Rabbi Bentzion Groner wears many hats in the Charlotte Jewish community, including his roles at Friendship Circle and Talmud Torah.
But it is his role as Director of ZABS Place that earned him a coveted spot in SEED20, a communications training and pitch competition program created by Charlotte’s Social Venture Partners.
SEED stands for Social Entrepreneurs EmpowereD. The “20” represents the twenty organizations or individuals who are selected to participate because of their innovative ideas for tackling pressing social challenges in the Charlotte region. Groner will be one of those 20 this year. Over the course of two months, he will join a class of twenty nonprofit participants to receive training, coaching, feedback, and mentoring on how to succinctly and powerfully tell his organization’s story.
These efforts culminate in SEED20 OnStage at the Knight Theater on April 16, 2018. This is a high-energy event where ten members of the class compete to win cash awards by making three-minute pitches to a panel of judges and a community audience. The audience is treated to a pre- and post- reception and also votes to select the $20,000 grand prize winner.
ZABS Place is a non-denominational, nonprofit, upscale thrift boutique and employment training center for young adults with special needs in Matthews, NC. The training and experience serves as a stepping stone to future employment opportunities. “It’s the intersection of the for-profit and nonprofit world. It operates like a business, but the business operates for a cause,” explains Groner.
He was drawn to apply to SEED20 because he sees a similarity to the ZABS Place model in that the program links entrepreneurism, commonly associated with the for-profit sector, with nonprofits. “This divide should not exist. Nonprofits are funded by donors, but they are entrepreneurs too. Entrepreneurialism is the future of the nonprofit sector.”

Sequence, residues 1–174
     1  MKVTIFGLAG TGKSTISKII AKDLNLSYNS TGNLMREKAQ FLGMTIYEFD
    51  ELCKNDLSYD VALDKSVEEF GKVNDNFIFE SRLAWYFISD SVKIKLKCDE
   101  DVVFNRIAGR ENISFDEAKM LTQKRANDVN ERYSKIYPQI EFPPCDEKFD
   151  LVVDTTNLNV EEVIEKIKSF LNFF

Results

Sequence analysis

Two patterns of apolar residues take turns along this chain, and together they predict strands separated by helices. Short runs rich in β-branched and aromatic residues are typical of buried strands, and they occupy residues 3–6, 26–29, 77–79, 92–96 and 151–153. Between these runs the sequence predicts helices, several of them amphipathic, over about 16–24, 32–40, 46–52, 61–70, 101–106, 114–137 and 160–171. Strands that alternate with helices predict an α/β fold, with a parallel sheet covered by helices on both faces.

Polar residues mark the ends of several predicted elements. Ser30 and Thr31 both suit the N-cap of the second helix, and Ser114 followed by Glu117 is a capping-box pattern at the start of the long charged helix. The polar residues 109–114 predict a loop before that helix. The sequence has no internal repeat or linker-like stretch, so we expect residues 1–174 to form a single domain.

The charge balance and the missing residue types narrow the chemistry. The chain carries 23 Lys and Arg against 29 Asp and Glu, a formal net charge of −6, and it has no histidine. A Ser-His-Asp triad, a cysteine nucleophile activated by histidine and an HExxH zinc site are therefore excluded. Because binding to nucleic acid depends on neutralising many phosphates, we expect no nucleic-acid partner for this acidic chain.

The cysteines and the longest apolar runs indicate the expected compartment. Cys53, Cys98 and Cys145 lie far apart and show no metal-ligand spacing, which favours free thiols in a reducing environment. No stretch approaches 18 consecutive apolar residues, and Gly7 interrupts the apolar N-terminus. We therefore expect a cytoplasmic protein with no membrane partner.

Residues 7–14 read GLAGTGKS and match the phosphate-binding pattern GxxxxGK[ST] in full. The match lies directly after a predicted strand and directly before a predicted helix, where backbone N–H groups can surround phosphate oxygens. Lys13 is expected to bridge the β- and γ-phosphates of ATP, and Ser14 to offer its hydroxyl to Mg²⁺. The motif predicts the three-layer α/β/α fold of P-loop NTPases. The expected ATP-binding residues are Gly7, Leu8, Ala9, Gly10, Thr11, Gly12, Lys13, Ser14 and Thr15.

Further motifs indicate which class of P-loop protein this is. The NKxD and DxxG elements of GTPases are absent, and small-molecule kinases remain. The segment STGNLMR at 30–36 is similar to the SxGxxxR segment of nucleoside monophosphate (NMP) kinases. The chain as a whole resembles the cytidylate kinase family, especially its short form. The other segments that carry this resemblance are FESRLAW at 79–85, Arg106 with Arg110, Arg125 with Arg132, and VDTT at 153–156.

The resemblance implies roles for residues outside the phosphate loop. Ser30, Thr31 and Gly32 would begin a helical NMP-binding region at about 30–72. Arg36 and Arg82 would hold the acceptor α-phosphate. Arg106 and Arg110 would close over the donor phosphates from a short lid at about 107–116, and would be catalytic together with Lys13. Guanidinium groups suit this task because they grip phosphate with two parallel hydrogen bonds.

“All business principals apply to nonprofits, but the business world can learn from nonprofits too. Real success for any business comes when your goals are beyond money. They come from being cause driven. It motivates you as a leader and it motivates people to rally around you. SEED20 shines a spotlight on nonprofit entrepreneurs and connects concepts from the business world to the nonprofit world in order to address social challenges in our community.”
The community component is also very important to Groner, who grew up in Charlotte. “There are other national programs for nonprofits, but SEED20 is local. Because it’s focused on our community, it gives me an extra boost of inspiration.”
While Groner looks forward to the work he will do on fine-tuning the ZABS place story, he feels that has already benefited from the program. He even enjoyed the SEED20 application process.
“They zero in on getting to the personality of your organization, forcing you to avoid corporate-speak and clichés and get to the nuts and bolts of your work. Thinking through the different scenario-based questions really forced me to think about my organization in new ways and I enjoyed that.”